Tim Cook knows that transparency is crucial to sustained success. Upon receiving harsh criticism about the standards of Apple’s global employees, he decided to open up the doors to the public and allow them to see how Apple’s operation really works. By doing this he instilled confidence for those in the company and set new industry standards for manufacturers everywhere.

“We want to be as innovative with supply responsibility as we are with our products. That’s a high bar. The more transparent we are, the more it’s in the public space,” Mr. Cook said to Businessweek. Being transparent is a solid foundation for leadership.

Tim Cook has been an inspiration to many people since taking the role as Apple CEO. His approach to leadership is admirable and his lessons can teach us all how to build a solid foundation as a leader.

Featured photo credit: Apple CEO Tim Cook/Mike Deerkoski via flickr.com

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Last Updated on January 13, 2022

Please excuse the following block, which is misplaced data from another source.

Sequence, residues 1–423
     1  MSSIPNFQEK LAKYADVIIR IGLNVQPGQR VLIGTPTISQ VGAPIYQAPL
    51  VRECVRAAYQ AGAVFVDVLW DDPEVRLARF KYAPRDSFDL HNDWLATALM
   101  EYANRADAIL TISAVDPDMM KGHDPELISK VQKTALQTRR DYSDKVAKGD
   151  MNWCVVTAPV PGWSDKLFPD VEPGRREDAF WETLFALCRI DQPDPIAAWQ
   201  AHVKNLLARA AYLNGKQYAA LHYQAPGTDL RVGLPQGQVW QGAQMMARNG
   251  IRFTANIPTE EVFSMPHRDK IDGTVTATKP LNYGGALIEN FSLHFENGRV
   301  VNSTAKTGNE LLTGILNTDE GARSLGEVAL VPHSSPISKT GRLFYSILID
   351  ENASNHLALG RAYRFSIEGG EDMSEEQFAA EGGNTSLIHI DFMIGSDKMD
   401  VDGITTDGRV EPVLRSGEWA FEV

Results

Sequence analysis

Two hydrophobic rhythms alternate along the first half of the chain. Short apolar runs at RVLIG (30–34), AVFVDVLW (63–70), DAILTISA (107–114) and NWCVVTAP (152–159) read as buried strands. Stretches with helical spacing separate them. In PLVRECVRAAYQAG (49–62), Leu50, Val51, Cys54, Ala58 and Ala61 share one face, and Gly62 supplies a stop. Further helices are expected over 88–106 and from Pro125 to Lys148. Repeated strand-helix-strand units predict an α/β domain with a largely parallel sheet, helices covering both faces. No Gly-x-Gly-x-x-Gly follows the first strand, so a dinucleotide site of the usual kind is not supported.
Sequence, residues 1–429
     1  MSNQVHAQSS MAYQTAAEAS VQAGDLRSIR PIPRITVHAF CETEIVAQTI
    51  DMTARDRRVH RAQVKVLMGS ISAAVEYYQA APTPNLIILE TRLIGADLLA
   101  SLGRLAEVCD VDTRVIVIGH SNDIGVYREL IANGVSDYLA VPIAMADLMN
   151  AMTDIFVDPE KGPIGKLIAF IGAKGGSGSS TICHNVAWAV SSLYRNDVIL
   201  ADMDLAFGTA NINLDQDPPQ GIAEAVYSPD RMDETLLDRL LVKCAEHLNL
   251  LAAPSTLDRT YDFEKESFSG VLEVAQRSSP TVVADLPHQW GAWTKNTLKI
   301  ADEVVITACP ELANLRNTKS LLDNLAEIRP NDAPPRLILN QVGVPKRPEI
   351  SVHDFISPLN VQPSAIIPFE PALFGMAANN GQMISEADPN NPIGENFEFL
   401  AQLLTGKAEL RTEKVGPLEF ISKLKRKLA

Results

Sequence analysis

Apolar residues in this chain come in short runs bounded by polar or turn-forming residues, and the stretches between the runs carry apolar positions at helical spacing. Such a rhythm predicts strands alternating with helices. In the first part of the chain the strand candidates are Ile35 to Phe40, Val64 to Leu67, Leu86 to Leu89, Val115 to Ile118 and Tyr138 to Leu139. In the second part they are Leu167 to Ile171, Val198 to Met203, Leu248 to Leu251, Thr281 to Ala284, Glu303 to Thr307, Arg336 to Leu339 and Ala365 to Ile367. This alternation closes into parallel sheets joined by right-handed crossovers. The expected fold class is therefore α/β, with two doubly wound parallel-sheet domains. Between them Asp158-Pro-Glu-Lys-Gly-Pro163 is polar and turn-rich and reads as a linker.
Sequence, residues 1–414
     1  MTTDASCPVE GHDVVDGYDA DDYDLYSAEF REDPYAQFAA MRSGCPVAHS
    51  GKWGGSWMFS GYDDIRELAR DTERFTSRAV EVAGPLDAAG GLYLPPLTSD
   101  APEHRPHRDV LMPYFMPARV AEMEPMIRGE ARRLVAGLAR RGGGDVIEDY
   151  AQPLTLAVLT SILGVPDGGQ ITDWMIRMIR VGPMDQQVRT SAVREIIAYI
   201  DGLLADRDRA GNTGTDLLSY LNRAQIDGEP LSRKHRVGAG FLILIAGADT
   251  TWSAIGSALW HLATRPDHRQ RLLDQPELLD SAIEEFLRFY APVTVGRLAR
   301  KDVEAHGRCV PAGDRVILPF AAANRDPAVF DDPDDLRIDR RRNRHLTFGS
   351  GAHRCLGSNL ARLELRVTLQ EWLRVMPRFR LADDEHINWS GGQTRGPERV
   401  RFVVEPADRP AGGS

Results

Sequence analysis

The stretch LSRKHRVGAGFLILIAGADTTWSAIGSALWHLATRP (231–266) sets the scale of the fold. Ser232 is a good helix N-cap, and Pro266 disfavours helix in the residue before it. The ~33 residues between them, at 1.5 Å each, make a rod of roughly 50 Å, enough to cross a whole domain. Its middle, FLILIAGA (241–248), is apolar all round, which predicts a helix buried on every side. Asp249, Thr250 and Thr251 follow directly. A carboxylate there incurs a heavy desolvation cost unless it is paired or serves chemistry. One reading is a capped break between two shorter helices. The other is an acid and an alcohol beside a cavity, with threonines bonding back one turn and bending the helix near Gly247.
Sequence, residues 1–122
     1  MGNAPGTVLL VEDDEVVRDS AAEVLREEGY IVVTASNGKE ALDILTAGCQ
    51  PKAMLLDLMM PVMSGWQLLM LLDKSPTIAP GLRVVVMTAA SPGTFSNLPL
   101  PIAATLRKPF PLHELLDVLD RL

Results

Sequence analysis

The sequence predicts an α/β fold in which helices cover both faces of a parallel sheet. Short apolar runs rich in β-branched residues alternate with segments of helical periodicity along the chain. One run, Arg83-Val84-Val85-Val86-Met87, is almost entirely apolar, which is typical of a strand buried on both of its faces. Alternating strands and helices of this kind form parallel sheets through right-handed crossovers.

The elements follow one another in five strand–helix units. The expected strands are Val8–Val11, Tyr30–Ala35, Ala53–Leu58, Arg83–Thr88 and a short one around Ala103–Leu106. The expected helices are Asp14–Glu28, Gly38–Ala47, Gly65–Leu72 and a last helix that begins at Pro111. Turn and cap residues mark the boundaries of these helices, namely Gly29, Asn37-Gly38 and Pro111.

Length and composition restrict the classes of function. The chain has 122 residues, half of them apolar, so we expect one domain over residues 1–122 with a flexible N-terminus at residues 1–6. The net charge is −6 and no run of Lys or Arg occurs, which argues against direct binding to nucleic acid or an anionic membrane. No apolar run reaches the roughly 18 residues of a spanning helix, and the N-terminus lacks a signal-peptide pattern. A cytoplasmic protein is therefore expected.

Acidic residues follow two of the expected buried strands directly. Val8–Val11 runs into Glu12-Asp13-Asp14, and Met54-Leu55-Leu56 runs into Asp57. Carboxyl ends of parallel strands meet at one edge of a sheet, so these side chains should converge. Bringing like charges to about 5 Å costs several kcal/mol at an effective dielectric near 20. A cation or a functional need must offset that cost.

How to Use Travel Time Effectively

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How to Use Travel Time Effectively

Most of us associate travel and time with what we’re going to do one we get to our destination. Planning and mapping out what to do once you arrive can certainly make for a more pleasurable vacation, but there are things you can do while you are on your way that can make it even better.

Sure, you can plan for the things you’re going to do on your vacation while you are travelling en route – but what about making use of that time for other things that you don’t usually do when you’re at home? You don’t need to have your gadgets with you to do it, and you can really connect with yourself if you take the time to manage your life while heading towards your vacation destination.